A-GPS question

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  1. iamjulian

    iamjulian New Member

    I have never had a smart phone before (current phone looks like it came from a Christmas cracker) but am about to buy one. Have found an Android phone that ticks all my boxes but I have a query that is stopping me buying and I cannot find a consistent answer and it could be a deal breaker.

    Basically, GPS is really important for me as I want to be able to use an app like Strava to go out running and map my routes. However, I am going to "pay as you go" for the odd text message and receiving/making calls in an emergency, and use wifi 99% of the time. The phone I have seen lists the GPS type as A-GPS. I understand this makes for a quicker fix than standard GPS on a phone, however, how will it work away from wifi?

    If I start running from home I can use my home wifi to get a fix, but then will it continue to track as I move away from the wifi source? And what about if I want to start it tracking away from a wifi source? From what I read, you can switch off the A-GPS, but does this mean it just uses standard GPS? In other words, is an A-GPS enabled phone exactly the same as a GPS enabled phone if you switch the A-GPS off? Can it still get a radio signal from the satellites?

    The phone manufacturer said, "the phone will require connection to the Internet in order to obtain data regarding your positioning at that moment in time though this may vary depending on the application."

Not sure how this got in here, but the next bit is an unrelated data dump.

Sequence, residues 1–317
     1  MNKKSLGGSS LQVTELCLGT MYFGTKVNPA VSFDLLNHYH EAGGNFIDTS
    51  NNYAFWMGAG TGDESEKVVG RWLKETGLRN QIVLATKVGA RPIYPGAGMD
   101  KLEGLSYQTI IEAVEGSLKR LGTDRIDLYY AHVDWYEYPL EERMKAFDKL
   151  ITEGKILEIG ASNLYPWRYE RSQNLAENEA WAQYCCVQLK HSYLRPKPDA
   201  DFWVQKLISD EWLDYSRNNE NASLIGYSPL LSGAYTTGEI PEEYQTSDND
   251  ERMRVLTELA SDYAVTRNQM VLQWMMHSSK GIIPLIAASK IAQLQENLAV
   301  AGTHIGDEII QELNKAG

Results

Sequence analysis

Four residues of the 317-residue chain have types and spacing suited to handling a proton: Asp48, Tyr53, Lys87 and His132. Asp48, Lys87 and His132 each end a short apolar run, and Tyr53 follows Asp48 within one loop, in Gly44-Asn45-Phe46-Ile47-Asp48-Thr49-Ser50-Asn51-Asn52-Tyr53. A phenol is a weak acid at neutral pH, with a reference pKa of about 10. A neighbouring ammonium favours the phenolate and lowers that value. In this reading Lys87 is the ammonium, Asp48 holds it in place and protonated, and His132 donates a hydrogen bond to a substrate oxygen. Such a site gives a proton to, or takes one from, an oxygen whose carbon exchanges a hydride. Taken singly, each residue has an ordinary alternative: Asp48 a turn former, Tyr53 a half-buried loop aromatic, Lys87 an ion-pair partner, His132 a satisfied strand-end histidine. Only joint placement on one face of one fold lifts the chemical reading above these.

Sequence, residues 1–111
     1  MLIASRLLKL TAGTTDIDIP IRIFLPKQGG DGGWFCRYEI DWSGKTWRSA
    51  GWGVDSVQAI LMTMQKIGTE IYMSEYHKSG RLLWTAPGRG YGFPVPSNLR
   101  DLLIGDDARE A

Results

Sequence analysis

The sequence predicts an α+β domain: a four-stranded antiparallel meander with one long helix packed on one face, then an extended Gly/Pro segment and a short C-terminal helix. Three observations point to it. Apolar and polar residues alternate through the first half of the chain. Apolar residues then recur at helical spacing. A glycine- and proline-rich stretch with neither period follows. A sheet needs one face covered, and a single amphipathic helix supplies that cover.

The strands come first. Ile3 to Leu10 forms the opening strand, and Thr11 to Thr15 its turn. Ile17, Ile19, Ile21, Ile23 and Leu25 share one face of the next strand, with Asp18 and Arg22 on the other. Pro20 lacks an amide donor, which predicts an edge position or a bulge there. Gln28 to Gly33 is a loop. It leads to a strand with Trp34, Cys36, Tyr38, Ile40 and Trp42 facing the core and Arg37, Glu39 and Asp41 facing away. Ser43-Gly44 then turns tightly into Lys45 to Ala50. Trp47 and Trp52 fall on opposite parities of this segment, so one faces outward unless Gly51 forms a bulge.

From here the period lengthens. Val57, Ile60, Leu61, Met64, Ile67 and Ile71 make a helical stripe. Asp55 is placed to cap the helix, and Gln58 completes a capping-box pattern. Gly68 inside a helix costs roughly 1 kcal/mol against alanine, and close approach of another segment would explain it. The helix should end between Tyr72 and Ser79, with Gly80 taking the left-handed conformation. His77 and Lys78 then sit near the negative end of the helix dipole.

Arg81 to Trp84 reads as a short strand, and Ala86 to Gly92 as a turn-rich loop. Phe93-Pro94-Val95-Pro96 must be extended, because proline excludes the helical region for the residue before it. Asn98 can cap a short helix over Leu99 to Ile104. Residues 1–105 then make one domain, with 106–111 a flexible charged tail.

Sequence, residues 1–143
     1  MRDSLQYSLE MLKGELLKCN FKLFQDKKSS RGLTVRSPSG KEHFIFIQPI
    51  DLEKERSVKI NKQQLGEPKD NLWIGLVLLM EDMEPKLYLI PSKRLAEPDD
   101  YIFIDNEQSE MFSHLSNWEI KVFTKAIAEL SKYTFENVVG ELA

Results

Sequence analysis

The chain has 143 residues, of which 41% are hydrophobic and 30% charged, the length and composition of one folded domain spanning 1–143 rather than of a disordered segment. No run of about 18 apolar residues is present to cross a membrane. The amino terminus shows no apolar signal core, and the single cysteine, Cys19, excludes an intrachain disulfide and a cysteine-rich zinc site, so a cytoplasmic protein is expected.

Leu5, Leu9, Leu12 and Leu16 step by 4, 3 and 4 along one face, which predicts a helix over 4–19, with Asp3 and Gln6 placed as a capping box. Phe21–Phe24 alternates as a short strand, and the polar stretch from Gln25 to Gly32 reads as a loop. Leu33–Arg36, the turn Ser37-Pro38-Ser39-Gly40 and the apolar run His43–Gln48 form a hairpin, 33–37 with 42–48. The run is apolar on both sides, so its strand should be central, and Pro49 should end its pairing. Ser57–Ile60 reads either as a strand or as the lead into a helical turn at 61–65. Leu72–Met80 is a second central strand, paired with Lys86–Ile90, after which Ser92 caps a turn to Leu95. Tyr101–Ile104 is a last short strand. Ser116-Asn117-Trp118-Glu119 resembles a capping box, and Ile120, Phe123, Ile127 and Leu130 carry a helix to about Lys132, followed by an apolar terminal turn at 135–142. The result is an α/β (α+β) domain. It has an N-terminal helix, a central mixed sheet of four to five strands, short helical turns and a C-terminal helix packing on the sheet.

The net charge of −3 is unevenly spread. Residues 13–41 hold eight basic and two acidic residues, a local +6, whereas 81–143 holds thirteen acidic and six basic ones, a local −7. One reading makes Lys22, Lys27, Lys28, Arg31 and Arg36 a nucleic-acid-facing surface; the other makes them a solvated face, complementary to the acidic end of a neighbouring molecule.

That makes it sound like an A-GPS phone is no good for me?
    Many thanks

  2. nieltab

    nieltab Well-Known Member

    I think that they are trying to say that many apps need data(=internet) in order to be able to use it together with your gps.

    Like google maps needs internet to show you the route, and it needs the GPS to find your correct position. However you can store these routes on your phone, so you won't need a date connection all the time.

    Another example is the app 'avertinoo', with data connection it says how many people with this app are driving in front and behind you and it will also communicate with other drivers through data. If data is turned off it will only show you your driving speed and risk zones for radars.

    If the information that data would normally give is stored on your phone, you are just fine with GPS only.
    iamjulian likes this.
  3. iamjulian

    iamjulian New Member

    Thank you, that makes sense. The phone says it has AGPS only where other phones say GPS only, or AGPS & GPS. I just wondered whether if you switch the AGPS bit off (which I believe you can do) can it still connect to satellites/does it still have the ability to track on cached maps?

    Are we saying an AGPS only phone does not become as good at tracking as a brick if it has no internet (3g/wifi) connection.

    Thank you
  4. chanchan05

    chanchan05 The Doctor Guide

    If its AGPS only, there is no GPS chip/receiver on the phone. No location or positioning without internet connection.

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